Kruger National Park, the largest national park in South Africa, and one of the largest parks in the world, is South Africa’s premiere safari destination. Spanning 200 km from north to south and 50 km from east to west, Kruger is home to the Big Five (elephant, rhinoceros, leopard, lion, and buffalo) as well as a multitude of other animals and birds. Scattered throughout the park are rest camps, small clusters of lodges, tents and camping facilities, complete with restaurants and gift shops. Different areas of the park are well known for their animal populations. For example, Satara is home to a large population of lions, and Letaba is the place to see elephants. It is recommended to stay in Kruger for a minimum of five days, in order to travel through the park, staying in several rest camps, and looking for wildlife in the different areas.
Most people believe that a safari trip in Africa is out of their price range. When originally looking into “going on safari” I read that a “proper safari” would cost our family of four a minimum of $10,000 for a week or more. But with more research I learned that a budget safari was entirely possible. And this is what makes Kruger so special.
Kruger National Park as a Budget Safari Destination
Kruger National Park is known as a “self-drive park,” meaning you get in your car and drive down the road looking for lions. The roads are paved although there are some gravel roads that can be used as well. By self-driving, costs are minimal, as you only spend money on gas and the rental car fee. We spent 90% of our safari time in Kruger self-driving and we saw a lot! On our own we saw tons of giraffe, elephants, zebra, kudu, wildebeest, hippopotamus, baboons and impala. We also saw rhinoceros, buffalo, crocodile, and many more animals. It may sound dangerous to be driving on your own through territory occupied by lions and leopards but we never felt unsafe. For the most part the animals just look at the cars with indifference and most of the time we were totally ignored.
Seeing the nocturnal animals requires going on one of the morning or evening game drives. On average, these game drives cost $22 per adult. For three hours a guide drives a safari jeep carrying visitors to the park on the inaccessible dirt roads. Our family went on a sunset drive and a morning drive and the animals we saw were amazing. At night we spotted a pride of lions, an enormous herd of buffalo, hippos playing in the water, a porcupine, and so much more.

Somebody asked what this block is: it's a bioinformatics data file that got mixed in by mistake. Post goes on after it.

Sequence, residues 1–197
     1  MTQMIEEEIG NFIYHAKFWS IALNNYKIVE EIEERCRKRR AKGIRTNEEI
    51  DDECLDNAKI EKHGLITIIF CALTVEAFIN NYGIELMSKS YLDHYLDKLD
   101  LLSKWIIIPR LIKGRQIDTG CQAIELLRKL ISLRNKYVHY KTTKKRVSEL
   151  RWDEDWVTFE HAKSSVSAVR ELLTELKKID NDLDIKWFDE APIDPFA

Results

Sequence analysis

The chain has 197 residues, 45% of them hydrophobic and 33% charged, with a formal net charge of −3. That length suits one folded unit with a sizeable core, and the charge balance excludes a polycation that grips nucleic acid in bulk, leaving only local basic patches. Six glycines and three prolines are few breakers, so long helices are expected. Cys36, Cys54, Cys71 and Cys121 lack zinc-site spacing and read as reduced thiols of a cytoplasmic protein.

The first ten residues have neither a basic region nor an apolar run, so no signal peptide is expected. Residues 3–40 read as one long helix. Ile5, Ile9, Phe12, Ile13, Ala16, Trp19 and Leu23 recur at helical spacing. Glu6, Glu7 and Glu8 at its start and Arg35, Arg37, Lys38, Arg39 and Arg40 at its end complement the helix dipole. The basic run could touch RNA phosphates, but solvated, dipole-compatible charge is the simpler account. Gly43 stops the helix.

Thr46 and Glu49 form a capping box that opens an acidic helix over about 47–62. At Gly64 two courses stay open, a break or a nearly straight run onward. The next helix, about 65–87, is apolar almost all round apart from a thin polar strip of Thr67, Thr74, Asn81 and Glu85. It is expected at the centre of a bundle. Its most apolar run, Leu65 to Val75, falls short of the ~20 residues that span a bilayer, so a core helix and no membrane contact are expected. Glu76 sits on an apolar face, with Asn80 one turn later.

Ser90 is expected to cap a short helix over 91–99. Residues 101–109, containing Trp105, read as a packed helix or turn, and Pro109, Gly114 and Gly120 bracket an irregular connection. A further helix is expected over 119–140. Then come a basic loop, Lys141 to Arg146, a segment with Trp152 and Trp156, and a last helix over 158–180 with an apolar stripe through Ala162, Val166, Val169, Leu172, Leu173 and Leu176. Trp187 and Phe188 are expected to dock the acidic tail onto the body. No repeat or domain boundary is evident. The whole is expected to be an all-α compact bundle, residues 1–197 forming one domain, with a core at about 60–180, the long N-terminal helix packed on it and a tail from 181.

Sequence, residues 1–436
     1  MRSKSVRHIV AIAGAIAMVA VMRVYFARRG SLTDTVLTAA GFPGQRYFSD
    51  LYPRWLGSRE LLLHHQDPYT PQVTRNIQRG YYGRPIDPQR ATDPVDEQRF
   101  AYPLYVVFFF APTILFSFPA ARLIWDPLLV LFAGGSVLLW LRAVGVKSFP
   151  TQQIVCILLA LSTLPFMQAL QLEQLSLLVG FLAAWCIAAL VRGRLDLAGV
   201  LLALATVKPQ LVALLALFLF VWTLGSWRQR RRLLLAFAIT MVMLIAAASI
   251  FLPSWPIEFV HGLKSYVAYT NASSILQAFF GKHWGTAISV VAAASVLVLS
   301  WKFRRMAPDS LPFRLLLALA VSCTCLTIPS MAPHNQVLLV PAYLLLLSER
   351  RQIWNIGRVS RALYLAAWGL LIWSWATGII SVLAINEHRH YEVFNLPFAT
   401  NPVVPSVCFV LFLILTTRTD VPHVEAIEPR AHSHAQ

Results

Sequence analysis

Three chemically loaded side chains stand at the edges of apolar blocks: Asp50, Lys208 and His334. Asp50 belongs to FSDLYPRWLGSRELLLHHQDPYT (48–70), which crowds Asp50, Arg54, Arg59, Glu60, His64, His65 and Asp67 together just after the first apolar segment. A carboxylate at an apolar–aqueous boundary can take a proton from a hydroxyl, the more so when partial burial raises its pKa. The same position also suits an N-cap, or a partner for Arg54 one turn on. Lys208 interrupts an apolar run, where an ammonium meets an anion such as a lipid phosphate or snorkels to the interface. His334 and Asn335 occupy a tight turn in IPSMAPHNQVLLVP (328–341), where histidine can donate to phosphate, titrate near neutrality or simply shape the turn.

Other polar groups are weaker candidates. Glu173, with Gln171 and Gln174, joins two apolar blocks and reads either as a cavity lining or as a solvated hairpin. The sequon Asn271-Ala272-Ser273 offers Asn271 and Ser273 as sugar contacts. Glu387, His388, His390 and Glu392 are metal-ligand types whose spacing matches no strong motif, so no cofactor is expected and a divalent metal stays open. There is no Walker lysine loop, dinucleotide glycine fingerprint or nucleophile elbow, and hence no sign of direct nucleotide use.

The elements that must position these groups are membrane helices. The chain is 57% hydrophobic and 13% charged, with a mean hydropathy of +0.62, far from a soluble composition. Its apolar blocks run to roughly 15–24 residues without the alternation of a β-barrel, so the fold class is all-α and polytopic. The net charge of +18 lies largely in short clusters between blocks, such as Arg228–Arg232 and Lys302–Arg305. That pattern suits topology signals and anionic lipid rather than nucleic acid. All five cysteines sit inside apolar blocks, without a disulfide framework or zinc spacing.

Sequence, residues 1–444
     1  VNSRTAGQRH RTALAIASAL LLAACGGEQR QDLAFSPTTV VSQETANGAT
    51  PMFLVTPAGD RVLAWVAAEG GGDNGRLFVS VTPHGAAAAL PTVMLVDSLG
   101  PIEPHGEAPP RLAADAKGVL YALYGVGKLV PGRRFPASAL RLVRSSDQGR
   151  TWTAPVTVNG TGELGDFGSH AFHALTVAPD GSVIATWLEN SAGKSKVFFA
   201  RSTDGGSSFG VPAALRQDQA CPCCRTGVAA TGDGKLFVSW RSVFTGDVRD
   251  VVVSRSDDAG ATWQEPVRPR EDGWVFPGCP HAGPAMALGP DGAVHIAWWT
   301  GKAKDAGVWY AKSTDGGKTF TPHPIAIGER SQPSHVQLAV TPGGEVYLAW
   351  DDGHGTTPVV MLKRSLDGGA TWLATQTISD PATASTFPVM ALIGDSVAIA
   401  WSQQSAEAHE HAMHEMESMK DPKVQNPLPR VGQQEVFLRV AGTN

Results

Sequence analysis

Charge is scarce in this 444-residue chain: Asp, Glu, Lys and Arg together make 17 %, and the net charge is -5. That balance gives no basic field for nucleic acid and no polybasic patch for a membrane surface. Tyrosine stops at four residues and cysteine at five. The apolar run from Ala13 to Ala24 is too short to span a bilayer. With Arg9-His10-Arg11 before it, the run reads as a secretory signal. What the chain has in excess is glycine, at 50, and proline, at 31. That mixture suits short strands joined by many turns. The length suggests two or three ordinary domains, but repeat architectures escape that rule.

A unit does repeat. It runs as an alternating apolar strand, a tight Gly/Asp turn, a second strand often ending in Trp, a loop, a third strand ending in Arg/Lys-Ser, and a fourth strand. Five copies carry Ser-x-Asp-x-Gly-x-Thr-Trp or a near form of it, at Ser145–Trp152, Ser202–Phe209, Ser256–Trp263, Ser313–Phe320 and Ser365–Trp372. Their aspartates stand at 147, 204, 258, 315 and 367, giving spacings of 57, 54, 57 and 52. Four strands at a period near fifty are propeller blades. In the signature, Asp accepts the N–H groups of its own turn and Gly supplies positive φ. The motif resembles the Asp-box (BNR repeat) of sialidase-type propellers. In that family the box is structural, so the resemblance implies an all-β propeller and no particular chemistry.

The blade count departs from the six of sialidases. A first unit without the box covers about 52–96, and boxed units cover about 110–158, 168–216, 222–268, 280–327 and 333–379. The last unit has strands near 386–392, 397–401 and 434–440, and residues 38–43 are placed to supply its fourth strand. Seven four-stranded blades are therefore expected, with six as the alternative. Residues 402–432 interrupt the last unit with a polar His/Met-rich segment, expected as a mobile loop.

We hit the jackpot with the morning drive. Right after sunrise our guide spotted a pride of lions (the same pride we saw the night before) and a group of hyenas next to each other. As the lions sauntered down the road, indifferent to our presence, we snapped hundreds of photos. At times the lions were just two feet from our vehicle. It was an unbelievable experience and I felt like I was a little girl on Christmas morning!
We turned back to revisit the hyenas, who were guarding over a carcass. Most likely they stole this carcass from the lions the night before. At our approach, the largest of the hyenas carried the carcass away from us, protecting it.
See Also: The Cinque Terre for Budget Travelers
Staying inside Kruger is also relatively cheap, depending on the accommodations you choose. Kruger does have luxury accommodations for those wanting a posh safari experience. Our family was going for the budget safari accommodations. We spent two nights in safari tents in Tamboti Rest Camp. Our tents overlooked the Timbavati River, where we could see elephants and hyenas, and at night we heard lions roaring off in the distance. These accommodations cost our family of four $58 per night.
After Tamboti we spent two nights at Satara Rest Camp in rondavels, round houses with three twin beds and an ensuite bathroom. For six people (our mothers, Kathy and Valerie, were traveling with us), these two houses cost a total of $200. These were nicer accommodations than the tents which explains the increase in cost.
Finally, our time in Kruger ended with one night at Crocodile Bridge, again in safari tents. Once again we watched animals pass by our front door, this time hyena, buffalo, and a bush baby. For our family of four, we rented two tents at a cost of $92 per night.
Our family really liked staying in safari tents. There is something very cool about sleeping in tents in Africa and our favorite part was hearing the animals at night. I am really going to miss hearing lions and elephants outside of our door once we leave this part of South Africa.
For anyone who has a safari in Africa on their travel bucket list but thinks it’s outside of their price range, take a look at Kruger National Park. We had a fabulous experience here and highly recommend it.
Want to learn more about traveling in South Africa? Check out our South Africa Travel Guide.